clipping from newspaper

Clipping from The Beaufort News , January 16, 1941

Clipping from newspaper

Clipping from The Franklin press and the Highlands Maconian, January 23, 1941

Several articles note that this particular epidemic was moving from the western part of the state to the eastern part of the state, which was apparently unusual, and overall cases had been fairly mild (which likely explains in part why it rarely pops up as an event in history).  

January 22, 1941 issue of the State Port Pilot discussing the effects of the flu across the state.

To explore our over 1 million pages of digitized newspapers yourself, visit our North Carolina Newspapers page and read here about how colleges in NC responded to the 1918 Spanish Flu pandemic


Oral histories and other audio-visual materials now online from Methodist University

42 audio recordings, including 35 oral histories, and 1 silent video showing Methodist University (then College) in the late 1970s or early 1980s are now online.  Thanks to our colleagues in the Southern Folklife Collection, these audiovisual materials were digitized utilizing funding from the Andrew W. Mellon Foundation.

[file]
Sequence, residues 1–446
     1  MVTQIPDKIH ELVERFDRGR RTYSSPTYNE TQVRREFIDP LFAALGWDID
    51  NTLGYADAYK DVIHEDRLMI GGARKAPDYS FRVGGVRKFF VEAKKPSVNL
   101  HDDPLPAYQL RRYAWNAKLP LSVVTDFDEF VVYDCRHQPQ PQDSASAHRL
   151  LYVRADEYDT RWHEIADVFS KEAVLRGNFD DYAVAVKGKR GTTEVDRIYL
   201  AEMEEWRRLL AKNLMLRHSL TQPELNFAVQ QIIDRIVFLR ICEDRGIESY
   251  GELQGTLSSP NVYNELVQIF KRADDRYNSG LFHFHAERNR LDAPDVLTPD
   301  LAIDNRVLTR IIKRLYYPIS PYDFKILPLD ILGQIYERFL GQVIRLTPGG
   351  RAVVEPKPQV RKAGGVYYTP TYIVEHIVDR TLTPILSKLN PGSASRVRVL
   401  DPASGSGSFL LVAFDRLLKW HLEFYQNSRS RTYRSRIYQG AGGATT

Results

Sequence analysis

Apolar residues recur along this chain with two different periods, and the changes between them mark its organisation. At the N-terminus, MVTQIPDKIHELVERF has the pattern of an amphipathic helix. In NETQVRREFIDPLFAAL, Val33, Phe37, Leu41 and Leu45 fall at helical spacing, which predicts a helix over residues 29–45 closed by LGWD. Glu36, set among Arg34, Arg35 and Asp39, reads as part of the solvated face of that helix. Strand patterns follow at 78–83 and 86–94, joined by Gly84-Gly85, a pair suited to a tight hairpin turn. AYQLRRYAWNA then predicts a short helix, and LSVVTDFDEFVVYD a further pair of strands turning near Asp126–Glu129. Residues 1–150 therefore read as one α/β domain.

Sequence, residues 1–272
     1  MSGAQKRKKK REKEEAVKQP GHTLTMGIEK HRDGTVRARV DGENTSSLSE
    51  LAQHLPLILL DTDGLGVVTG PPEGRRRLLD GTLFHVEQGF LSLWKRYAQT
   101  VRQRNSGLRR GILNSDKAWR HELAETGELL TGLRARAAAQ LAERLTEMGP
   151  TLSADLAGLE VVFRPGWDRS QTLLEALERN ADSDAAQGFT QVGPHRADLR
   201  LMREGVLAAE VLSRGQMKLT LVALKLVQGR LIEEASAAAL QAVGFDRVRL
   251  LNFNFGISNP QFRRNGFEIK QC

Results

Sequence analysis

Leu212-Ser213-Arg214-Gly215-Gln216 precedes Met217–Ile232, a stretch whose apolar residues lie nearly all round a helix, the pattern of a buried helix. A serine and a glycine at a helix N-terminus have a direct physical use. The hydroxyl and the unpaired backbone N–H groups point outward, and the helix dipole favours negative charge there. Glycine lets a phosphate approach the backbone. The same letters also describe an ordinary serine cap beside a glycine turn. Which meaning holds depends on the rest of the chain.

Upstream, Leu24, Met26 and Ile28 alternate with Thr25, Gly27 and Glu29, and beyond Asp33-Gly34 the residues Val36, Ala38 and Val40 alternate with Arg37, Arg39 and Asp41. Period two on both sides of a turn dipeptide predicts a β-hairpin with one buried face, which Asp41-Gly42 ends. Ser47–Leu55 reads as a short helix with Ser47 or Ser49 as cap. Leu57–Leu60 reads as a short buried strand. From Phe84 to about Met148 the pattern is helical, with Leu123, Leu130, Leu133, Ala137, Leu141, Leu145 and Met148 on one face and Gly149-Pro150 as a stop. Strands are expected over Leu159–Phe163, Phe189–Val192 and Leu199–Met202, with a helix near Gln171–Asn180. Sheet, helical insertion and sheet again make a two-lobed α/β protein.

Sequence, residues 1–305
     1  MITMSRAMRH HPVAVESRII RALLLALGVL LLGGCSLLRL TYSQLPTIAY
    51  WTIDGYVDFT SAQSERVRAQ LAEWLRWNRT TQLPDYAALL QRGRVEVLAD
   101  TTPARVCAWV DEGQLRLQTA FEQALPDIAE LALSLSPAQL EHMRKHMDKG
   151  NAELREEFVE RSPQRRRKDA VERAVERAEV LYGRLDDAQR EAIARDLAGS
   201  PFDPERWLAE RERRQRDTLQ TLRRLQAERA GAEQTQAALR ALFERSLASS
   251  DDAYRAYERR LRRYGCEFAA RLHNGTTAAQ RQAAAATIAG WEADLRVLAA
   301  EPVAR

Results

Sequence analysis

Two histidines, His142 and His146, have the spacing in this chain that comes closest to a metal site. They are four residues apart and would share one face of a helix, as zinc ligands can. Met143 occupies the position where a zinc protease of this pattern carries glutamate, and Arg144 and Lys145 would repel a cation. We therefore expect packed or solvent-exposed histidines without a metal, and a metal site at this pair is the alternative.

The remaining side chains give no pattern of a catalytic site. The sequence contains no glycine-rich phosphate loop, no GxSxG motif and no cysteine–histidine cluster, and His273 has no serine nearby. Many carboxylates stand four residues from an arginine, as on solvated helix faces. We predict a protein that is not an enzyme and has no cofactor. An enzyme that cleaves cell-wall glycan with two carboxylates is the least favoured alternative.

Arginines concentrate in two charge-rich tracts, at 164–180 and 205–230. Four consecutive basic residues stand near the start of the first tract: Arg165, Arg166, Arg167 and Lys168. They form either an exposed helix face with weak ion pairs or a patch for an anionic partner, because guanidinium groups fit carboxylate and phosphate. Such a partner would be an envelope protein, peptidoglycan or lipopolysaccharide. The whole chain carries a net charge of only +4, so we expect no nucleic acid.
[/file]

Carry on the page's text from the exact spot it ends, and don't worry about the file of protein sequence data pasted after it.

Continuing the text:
three adults sitting at a table

Video still from a silent video taken on Methodist University’s campus in the late 1970s or early 1980s

The oral histories including the batch are with various faculty and other staff who worked in the early days of Methodist University’s history.  There are also 9 other audio recordings that include building dedications as well as fun items such as promotions that ran on the radio for theater productions at the school and a feature called Methodist College Report.  

To learn more about our partner Methodist University, visit their site here.  To learn more about our partnership with the Southern Folklife Collection, read this post.  And to view and hear more audiovisual materials on DigitalNC, visit our North Carolina Sights and Sounds collection.


Oral histories from Mount Airy and Surry County now online

21 new oral histories detailing the lives of those who lived in Mount Airy and Surry County are now online thanks to our partners Mount Airy Museum of Regional History and Surry Community College.  The digitization of the oral histories from Mount Airy Museum was done by our colleagues in the Southern Folklife Collection and the work was funded by the Andrew W. Mellon Foundation.